A tubular alternative for better hemodialysis
A North Carolina company called Humacyte is trying to improve current hemodialysis technology by engineering human acellular vessels (HAVs) (meaning that the vessels don’t have any cells) that can be transplanted into patients and develop into a human version of a shunt. Sounds complicated, but it’s not really!
First, scientists take muscle cells from human organ donors and coax these cells to grow into tube-like structures. During this process, the cells secrete a compound called cellulose – a component of the extracellular matrix – which forms a biological scaffold that maintains the structure of the cells.
Next, the scientists chemically wash away the muscle cells, leaving an intact scaffold with a hole the diameter of your pinky finger. These scaffolds are then placed under the skin of patients on dialysis. Once transplanted, a patient’s own stem cells migrate to the empty scaffold, set up shop and create a new vein with a wide enough hole that can be used for hemodialysis.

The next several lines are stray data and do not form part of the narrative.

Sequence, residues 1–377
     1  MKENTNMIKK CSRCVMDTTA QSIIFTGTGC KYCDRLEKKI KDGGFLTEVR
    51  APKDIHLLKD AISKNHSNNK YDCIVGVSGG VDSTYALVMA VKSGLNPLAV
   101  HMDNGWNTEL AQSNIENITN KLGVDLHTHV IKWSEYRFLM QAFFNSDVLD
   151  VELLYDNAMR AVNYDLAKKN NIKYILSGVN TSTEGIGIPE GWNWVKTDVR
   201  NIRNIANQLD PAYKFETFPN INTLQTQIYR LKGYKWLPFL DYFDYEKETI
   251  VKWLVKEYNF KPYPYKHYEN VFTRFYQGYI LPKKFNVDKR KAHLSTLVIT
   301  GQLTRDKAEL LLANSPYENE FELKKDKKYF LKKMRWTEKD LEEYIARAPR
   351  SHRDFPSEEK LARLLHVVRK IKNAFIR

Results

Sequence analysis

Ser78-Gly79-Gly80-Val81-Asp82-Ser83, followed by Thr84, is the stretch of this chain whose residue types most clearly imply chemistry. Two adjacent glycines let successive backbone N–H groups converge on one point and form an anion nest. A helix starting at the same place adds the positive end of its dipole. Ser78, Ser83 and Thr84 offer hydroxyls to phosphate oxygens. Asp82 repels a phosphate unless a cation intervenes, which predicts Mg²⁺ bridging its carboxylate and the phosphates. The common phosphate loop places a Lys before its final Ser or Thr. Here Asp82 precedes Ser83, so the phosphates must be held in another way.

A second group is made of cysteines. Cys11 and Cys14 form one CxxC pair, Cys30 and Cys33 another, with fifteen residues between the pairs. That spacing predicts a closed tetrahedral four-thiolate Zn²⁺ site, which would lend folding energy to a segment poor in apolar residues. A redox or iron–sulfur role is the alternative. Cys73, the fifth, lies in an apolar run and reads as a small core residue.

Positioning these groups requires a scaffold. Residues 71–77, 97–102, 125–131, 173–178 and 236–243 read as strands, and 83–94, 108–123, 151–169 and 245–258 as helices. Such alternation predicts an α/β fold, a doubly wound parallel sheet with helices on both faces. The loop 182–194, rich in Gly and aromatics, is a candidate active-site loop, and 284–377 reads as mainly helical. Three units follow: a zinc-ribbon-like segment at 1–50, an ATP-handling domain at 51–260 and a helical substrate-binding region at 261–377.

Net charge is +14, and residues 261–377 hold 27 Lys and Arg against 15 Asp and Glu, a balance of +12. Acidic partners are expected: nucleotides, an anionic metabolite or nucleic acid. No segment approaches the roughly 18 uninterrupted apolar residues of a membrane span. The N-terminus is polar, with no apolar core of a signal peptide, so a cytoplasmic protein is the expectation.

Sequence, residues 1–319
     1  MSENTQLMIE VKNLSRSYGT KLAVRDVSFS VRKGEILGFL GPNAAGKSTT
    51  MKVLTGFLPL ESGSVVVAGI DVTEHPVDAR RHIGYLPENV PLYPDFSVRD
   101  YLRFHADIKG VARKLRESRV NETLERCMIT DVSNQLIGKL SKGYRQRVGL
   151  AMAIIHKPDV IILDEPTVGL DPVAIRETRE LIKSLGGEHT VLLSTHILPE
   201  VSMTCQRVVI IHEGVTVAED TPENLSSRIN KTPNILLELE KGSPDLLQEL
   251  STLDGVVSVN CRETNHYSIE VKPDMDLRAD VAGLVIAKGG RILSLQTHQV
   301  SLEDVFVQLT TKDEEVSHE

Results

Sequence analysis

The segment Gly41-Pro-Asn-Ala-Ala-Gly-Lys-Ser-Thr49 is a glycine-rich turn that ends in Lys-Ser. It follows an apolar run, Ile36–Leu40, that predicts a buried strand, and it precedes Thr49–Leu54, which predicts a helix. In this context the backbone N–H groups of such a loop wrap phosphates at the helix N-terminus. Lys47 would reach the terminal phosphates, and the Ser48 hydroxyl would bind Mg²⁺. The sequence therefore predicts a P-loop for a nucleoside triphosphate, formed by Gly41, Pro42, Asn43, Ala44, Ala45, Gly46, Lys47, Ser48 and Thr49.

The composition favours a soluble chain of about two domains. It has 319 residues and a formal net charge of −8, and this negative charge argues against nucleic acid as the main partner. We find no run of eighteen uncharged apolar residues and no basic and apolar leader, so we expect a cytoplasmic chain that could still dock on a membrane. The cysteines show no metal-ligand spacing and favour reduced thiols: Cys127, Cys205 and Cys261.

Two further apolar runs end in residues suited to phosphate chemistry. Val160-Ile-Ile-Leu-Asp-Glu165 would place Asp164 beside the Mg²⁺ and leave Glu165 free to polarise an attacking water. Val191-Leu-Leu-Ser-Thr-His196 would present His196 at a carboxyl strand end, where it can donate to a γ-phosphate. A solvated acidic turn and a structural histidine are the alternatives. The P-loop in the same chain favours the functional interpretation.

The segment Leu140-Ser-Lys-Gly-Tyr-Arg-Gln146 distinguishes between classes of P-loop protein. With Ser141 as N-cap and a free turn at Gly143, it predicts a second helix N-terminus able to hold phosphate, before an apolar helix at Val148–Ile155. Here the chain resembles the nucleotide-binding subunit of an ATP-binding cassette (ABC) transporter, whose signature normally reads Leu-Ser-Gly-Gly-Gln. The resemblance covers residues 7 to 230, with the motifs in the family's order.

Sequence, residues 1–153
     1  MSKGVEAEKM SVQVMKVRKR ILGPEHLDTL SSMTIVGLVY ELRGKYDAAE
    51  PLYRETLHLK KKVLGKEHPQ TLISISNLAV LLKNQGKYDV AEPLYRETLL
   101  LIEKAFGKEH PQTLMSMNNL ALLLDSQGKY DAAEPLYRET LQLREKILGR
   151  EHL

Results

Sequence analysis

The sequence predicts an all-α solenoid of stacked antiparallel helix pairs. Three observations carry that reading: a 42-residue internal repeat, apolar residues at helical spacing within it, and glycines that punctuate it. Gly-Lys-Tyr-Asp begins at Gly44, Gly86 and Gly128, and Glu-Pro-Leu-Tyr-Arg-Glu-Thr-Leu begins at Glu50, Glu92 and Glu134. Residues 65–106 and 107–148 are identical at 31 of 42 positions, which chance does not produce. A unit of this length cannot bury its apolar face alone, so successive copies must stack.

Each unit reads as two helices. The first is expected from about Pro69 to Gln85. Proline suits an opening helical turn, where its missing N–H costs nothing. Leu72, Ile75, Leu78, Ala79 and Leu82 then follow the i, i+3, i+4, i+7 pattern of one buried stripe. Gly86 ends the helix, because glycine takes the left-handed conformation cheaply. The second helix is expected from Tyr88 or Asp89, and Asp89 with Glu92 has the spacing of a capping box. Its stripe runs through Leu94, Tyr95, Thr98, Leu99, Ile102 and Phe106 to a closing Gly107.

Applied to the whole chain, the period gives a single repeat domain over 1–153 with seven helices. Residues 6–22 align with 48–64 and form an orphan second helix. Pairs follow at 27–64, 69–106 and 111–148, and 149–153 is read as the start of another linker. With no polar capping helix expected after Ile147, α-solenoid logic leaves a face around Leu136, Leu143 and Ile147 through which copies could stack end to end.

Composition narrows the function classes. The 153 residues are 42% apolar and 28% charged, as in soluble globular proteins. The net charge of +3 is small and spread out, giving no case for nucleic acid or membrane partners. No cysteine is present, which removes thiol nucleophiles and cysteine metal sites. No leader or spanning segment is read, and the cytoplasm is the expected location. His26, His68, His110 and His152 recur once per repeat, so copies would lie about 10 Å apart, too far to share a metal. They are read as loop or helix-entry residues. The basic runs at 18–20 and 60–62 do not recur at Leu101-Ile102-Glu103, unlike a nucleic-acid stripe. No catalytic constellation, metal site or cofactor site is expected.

Humacyte’s Chief Medical Officer, Jeff Lawson, explained it an interview with KQED Science:
“This scaffold, once implanted, uniquely becomes repopulated with their own stem cells. That then turns back into something that looks like a vascular cell. And it now transitions over the period of a few months into something that’s indistinguishable from your own tissue. One of the holy grails in vascular surgery is to come up with a prosthetic artificial graft that has the same properties as the patient’s own blood vessels.”
The great news about this promising technology is that Humacyte is testing it in a Phase III clinical trial – the final stage before a drug or treatment is approved by the US Food and Drug Administration (FDA). In a Phase III trial, the treatment has already proven to be safe and shown some effectiveness (in a Phase II trial) and is now being tested in a larger group of patients to hopefully confirm these findings.